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By Libby Jones
The overdose crisis has wreaked havoc on the health of Virginians, claiming over 1,000 lives each year across the Commonwealth – and 107,000 across the United States. A closer look into these staggering numbers reveals an even more alarming truth: some members of society, specifically those battling opioid use disorders behind bars, are significantly more at risk of dying from an overdose.
People released from jails or prisons are 40 times more likely to die of an overdose in the first two weeks after release than the general population. But we know what works to save their lives: jail- and prison-based programs that provide medications for opioid use disorders (MOUD) to incarcerated individuals reduce the risk of fatal overdose by 80%.
The Fairfax County Sheriff’s Office is working collaboratively with the county’s public health and social services systems to prevent fatal overdoses in our community. In late 2020, the Sheriff’s office used grant funding to establish the Medication for Addiction Treatment (MAT) program, in which every person with a substance use disorder is offered during the jail booking process following arrest. Fairfax County offers FDA-approved MOUD that prevent overdose and help incarcerated individuals maintain their recovery.
Programs like the one in the Fairfax County Adult Detention Center are few and far between. Nationwide, just 12% of jails and prisons offer MOUD to incarcerated individuals. While some states, including Rhode Island and Maryland, have created laws and initiatives to ensure incarcerated people have access to life-saving medications, federal legislation and funding is needed to guarantee no individual behind bars is left behind. The bipartisan Reentry Act does just that.
By allowing Medicaid payments for medical services thirty days before an incarcerated person is released, the Reentry Act gets incarcerated people the critical health insurance they need to access MOUD treatment prior to leaving jail, putting millions of people on a reliable course of recovery as they transition out of incarceration and onto a path toward a healthy, fulfilling life.
Fairfax County has created a safer, healthier community for everyone who calls the county home. Evidence-based addiction treatment services equip formerly incarcerated individuals with the skills to reenter their communities healthier with the tools necessary to maintain their recovery.
This program has had immediate results. In 2022, more than 800 people received MOUD at the Fairfax County Adult Detention Center. And at release, they ensure that formerly incarcerated individuals receive two doses of naloxone — the medicine that reverses the effects of an opioid overdose. At a time when national overdose death rates were continuing to climb, Fairfax saw a precipitous drop. In 2021, 111 people died from an overdose in Fairfax County. In 2022, that number dropped to 82.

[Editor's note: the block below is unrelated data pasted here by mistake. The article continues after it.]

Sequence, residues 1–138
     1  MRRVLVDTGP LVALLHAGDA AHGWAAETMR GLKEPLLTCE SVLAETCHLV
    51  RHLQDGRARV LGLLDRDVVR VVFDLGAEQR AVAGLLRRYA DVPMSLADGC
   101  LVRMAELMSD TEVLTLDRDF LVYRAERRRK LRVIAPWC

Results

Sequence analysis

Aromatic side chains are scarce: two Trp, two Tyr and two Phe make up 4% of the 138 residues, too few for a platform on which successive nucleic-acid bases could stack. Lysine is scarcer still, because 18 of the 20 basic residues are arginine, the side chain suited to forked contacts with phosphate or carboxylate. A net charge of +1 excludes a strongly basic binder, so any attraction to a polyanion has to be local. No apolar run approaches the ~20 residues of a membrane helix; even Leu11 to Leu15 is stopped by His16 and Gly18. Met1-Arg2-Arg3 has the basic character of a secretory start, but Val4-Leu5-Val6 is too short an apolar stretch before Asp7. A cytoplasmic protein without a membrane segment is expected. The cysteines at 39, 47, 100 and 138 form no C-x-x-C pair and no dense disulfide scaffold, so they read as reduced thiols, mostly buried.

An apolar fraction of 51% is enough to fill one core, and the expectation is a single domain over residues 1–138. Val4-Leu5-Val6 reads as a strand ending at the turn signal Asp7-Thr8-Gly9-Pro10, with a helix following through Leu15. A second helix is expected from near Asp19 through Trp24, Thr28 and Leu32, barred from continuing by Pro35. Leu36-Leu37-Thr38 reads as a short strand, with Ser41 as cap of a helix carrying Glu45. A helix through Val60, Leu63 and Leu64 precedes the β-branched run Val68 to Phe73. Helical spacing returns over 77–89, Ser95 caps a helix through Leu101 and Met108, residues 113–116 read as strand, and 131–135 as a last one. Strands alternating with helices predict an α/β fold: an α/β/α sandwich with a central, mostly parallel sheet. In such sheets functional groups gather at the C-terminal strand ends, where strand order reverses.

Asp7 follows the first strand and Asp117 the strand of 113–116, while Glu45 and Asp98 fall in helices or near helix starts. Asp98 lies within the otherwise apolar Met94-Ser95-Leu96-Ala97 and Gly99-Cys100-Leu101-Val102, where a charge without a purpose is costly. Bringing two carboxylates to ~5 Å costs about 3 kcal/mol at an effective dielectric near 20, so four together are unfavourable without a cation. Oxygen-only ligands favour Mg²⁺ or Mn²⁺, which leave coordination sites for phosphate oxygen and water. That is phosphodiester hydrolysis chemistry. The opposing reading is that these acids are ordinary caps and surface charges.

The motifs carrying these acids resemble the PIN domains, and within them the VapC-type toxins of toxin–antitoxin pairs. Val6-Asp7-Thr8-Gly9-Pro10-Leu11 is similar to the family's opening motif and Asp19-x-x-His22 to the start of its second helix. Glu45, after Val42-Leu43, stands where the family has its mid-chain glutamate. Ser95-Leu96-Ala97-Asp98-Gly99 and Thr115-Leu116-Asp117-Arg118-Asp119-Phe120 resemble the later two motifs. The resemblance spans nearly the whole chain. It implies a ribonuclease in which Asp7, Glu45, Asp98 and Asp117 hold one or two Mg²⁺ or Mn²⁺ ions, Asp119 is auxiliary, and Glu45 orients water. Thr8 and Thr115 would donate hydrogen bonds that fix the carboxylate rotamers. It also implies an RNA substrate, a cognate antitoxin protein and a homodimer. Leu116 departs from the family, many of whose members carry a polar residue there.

While local and statewide efforts are a great start, they have not moved the needle far enough toward finding a reliable solution. It’s evident by the number of record-breaking overdose deaths the U.S. saw in 2021, the first time the number of lives lost at the hands of opioids and other drugs reached over 100,000.
The health inequities we see inside prison reflect what we witness in our communities. Virginians of color are disproportionately impacted by OUDs, and consistently jailed at a higher rate. Those in poverty are also more likely to end up incarcerated. And with the recidivism rate of drug offenses at 77%, it’s a challenge for this group to overcome poverty and stay out of the criminal justice system without OUD treatment prior to leaving jail.
Grants that fund these initiatives are never assured long-term. An overarching federal policy like the Reentry Act would fight against outdated federal regulations and stigmas about addiction and establish a standard that no matter where someone is incarcerated in the U.S., they can access lifesaving treatment.
It’s part of a larger tide that’s already begun to turn in Washington. Last year’s omnibus package included the bipartisan Mainstreaming Addiction Treatment (MAT) Act, which makes buprenorphine more readily accessible, including in jails. Such national, mainstream policies help remove the stigma from those already impacted by being incarcerated.
Congressional leaders and federal agencies must continue proposing and passing laws like the Reentry Act that benefit all OUD patients, giving at-risk individuals in jails and prisons the chance for treatment at a time when their journey to recovery and survival is at a crossroads. In Fairfax County, we see firsthand that access to treatment brings those recovering hope and a greater chance of living a long, gratifying life by ensuring jail is not a contributing factor to relapse or death. With the Reentry Act, access to treatment when it’s needed most will be possible, saving the lives of millions of people across Virginia and beyond.
Libby Jones is the program director of the Overdose Prevention Initiative, a program of the Global Health Advocacy Incubator. The Overdose Prevention Initiative advocates to ensure evidence-based treatment and harm reduction services that help save lives are within reach by advancing federal policies that address the disparities, inequities, and stigma in the addiction treatment system.
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